Support for privatizing pensions, strong among the younger generation, is bred from the absorption of the neoliberal script that government is inefficient and prevents personal control and customization of their own tax revenue that will enable them to invest it with greater potential wealth outcomes, mitigating the perceived theft from tax transfers. A tantalizing notion. But the Wall Street firms who manage the investments will take their sizable commissions, and if the system we have now continues unabated the meager number of private pensions remaining will be periodically wiped out from the ever-recurrent recessions that cement the neoliberal economic order. The dearth of private pensions in the lead-up to the Great Depression in 1929 is what led the Rockefellers and other members of the upper class to advocate for a system like Social Security. When the younger generation reaches retirement age, forty or so years from now, how many of them will pine for a public pension system?
The Gen Z’s and millennials are understandably concerned as well with the existential threat from the endless wars, yet there’s more than a repressed link between Social Security and war to consider. The colossal outlays for the military, now in a seemingly upward spiral, are draining resources away from education and infrastructural investment and mortgaging their future. Who’s the culprit here?
The boomers were hardly complicit with the first plank in constructing the contemporary war machine, the Vietnam War. A significant number rebelled against their parents over it, forming a mass movement—SDS, whose activists were mostly Sanders’ age—on a scale not even remotely matched by any generation since. The retrenchment of the military during the Carter years after the loss in Vietnam was short-lived, as Reagan—another white geriatric default candidate from the pre-boomer generation—entrenched it for posterity to pursue the final Cold War battles against the Soviets. This entire budget-busting push in the 1980’s was eons away from SDS’s central belief in anti-anti-communism, to temper the obsession with destroying this artificial enemy in favor of finding a third way. George Bush Sr., from Reagan’s generation, migrated the machine to the Mideast to confront another enemy in Iraq War 1. Bill Clinton drifted with the new political imperative, engaging covertly with the embryonic Al-Qaeda, killing innocent civilians in the bargain with mistaken rockets attacks.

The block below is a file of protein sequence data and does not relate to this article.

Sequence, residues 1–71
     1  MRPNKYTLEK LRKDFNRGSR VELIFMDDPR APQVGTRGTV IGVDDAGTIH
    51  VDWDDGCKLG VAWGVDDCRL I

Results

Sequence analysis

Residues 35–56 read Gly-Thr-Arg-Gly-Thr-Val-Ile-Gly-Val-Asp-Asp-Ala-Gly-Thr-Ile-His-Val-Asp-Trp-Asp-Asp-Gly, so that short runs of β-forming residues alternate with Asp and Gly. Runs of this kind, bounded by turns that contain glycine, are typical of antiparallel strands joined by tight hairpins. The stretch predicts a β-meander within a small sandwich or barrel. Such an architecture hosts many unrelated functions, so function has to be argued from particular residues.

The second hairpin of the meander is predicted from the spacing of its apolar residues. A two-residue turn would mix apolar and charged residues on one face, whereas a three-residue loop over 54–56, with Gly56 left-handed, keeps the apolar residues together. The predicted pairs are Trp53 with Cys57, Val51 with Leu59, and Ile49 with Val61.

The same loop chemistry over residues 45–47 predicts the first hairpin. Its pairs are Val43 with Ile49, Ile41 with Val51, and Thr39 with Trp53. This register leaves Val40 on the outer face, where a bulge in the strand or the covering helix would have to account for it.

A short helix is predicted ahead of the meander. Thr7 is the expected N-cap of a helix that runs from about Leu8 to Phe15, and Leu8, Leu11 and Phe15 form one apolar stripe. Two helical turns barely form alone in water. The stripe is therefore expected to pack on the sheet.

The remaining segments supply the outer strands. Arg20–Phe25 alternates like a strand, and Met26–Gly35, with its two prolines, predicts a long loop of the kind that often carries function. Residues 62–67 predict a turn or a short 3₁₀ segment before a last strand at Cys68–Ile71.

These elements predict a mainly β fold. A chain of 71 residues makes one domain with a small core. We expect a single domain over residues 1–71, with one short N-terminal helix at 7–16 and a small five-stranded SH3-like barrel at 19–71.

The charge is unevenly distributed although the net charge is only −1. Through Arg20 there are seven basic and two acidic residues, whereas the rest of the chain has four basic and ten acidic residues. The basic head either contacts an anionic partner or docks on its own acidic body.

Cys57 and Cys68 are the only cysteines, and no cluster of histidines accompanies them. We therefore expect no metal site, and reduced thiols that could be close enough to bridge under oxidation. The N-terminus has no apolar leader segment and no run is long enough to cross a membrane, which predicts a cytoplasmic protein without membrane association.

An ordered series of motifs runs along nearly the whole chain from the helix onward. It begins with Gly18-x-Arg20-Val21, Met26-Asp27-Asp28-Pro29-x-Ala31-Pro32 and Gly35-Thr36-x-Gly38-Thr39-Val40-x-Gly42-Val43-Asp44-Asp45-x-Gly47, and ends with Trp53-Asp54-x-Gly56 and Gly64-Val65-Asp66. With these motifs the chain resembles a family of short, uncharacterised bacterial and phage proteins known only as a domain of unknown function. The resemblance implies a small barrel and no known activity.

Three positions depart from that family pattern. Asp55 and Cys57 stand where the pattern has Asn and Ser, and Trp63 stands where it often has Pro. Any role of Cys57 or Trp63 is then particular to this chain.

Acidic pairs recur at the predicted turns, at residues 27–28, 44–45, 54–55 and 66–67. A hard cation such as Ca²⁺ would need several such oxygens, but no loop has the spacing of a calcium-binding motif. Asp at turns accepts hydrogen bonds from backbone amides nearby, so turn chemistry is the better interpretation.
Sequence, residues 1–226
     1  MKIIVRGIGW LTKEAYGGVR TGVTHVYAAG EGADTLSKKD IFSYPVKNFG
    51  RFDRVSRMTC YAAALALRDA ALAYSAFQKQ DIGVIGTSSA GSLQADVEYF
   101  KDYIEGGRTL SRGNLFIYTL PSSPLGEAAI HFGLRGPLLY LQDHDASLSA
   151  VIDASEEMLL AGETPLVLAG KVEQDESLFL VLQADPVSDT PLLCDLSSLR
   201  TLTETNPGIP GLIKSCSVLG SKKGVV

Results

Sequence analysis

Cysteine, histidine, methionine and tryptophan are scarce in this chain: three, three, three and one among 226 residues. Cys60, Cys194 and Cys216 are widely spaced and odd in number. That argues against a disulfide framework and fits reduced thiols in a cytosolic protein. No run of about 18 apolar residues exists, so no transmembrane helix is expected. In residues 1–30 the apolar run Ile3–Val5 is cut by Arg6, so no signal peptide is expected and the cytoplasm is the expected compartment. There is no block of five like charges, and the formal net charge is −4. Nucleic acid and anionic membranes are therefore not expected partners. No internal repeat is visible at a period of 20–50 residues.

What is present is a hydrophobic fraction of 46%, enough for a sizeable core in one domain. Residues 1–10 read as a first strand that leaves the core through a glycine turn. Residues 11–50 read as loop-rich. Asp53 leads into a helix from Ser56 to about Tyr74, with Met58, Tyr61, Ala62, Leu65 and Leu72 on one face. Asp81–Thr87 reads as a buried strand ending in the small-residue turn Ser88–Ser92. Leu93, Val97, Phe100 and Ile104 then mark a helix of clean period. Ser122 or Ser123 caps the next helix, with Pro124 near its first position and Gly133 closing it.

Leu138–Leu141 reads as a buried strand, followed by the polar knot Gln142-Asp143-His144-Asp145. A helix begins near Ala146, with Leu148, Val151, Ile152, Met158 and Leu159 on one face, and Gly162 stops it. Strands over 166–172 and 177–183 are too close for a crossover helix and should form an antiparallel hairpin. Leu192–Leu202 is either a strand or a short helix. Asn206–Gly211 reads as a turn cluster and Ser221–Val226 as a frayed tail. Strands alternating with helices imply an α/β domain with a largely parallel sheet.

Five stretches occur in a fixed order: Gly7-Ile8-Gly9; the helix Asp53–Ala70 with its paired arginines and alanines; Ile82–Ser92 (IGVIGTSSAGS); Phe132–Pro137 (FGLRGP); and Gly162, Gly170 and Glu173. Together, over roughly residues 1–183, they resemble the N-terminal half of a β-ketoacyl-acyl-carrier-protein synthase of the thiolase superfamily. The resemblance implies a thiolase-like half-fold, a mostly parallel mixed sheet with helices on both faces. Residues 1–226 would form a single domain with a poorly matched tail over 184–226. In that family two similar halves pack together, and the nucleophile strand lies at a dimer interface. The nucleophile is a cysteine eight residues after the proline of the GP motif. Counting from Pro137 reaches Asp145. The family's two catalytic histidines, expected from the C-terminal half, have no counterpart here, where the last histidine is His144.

Newt Gingrich was constantly ragging on Clinton for being a member of the counterculture, a coming-of-age identity tag for many boomers, but this labeling was a slur to discredit what Clinton tried to do early in his administration of a liberal nature (like pass single payer health care), and such initiatives were lacking after the Republicans took Congress in 1994. Clinton’s lifestyle in the 1960’s suggested little affiliation with the counterculture anyway, and counter-culturalism is an apolitical impulse. It’s interesting that when cornered about allegations he used marijuana, he responded in the affirmative but apologetically qualified his actions by saying he didn’t inhale.